sam the man
Reply to  Wolf Barney
11 days ago

In 1977 I walked across Delaware which is almost a northern state and the accent was very thick southern. 3 years ago I was in Arkansas which is considered deep south and they talked with hardly any accent.

UFO
UFO
Reply to  sam the man
11 days ago

Delaware is a state nobody talks much about.

1990: 80.3% white, 16.9% black
2010: 65.3% white, 21% black

Birth data in 2018: 48.7% white, 26.1% black, 16.1% Latino, 6% Asian.

Seems like the great replacement is happening very rapidly there. Why?

Paintersforms
Paintersforms
Reply to  UFO
11 days ago

Tourism workers? Delaware beach used to be small. In the last 20 years it’s started catching up to OC.

Paintersforms
Paintersforms
Reply to  sam the man
11 days ago

Interesting place. It was a slave state that stayed in the Union. Didn’t ratify the 13th amendment until 1901. You’d think it would have more of a northern flavor being so close to Philly, but it’s its own thing. Lots of farms, right up to the ocean. The whole DelMarVa peninsula is like that.

Ostei Kozelskii
Member
Reply to  Wolf Barney
11 days ago

Lots of rural, blacks in Texas do have a fairly strong Texas accent.

Paintersforms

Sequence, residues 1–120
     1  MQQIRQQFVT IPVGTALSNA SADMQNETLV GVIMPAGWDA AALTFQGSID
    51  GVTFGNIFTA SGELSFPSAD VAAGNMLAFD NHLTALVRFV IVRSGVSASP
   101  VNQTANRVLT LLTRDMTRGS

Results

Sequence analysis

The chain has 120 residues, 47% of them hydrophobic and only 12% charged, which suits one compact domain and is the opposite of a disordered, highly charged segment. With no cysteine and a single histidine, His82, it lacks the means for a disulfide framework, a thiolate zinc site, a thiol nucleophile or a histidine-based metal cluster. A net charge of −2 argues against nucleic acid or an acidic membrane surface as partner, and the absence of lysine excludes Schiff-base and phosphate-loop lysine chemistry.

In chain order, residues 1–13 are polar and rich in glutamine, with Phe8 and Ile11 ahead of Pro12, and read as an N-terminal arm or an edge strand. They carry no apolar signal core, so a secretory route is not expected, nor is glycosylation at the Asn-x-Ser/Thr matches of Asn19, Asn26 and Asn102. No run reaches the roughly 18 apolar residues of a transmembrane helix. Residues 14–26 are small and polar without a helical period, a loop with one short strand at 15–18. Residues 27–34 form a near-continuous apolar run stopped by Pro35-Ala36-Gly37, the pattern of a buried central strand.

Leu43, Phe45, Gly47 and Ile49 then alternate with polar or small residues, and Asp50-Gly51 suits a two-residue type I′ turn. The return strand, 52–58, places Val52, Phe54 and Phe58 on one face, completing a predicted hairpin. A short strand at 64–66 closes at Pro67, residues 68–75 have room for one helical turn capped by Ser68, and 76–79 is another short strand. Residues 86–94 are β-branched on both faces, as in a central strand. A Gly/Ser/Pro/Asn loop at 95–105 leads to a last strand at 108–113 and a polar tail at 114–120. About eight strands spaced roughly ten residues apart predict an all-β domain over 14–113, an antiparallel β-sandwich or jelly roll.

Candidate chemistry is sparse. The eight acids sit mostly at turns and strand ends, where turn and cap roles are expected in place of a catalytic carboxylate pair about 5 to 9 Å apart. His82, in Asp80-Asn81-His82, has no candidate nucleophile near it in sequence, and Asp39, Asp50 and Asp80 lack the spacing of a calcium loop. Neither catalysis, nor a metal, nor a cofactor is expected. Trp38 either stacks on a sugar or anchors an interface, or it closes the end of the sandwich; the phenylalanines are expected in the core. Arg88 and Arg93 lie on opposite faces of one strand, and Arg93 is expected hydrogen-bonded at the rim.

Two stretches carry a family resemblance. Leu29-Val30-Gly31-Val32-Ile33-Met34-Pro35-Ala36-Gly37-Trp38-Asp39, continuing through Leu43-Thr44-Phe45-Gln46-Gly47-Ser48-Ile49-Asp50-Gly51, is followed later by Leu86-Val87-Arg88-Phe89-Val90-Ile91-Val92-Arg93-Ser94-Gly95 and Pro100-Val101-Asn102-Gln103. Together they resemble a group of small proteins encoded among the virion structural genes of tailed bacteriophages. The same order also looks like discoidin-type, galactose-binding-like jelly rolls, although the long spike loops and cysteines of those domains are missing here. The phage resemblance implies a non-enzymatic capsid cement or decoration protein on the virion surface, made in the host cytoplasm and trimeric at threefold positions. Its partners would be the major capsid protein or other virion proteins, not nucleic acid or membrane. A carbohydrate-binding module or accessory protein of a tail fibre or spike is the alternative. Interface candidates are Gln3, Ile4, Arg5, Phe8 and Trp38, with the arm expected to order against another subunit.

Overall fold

Paintersforms
Reply to  Citizen of a Silly Country
11 days ago

My best guess: it’s because most blacks came from the south a century ago, and they’re pretty tribal. Blacks vs. the world etc.

tarstarkas
tarstarkas
Reply to  Citizen of a Silly Country
11 days ago

That’s odd. For me, it’s the opposite. I almost never hear blacks without an accent. It’s all the same accent though. So much so that it’s memed. Gonna call my bish on the sail foam. lemme axe you a kweshon..

Citizen of a Silly Country
Citizen of a Silly Country
Reply to  tarstarkas
11 days ago

Tarstarkas,

That’s my point. They have an accent different from whites, but it’s the same accent around the country. There’s no regional black accents.

Dave
Dave
Reply to  Citizen of a Silly Country
11 days ago

Correct. Black people everywhere in the States use a watered down variant of a generic Southern accent.

james wilson WebSite URL Mpg2J wpdiscuz_captcharef
james wilson WebSite URL Mpg2J wpdiscuz_captcharef
Member
Reply to  Citizen of a Silly Country
11 days ago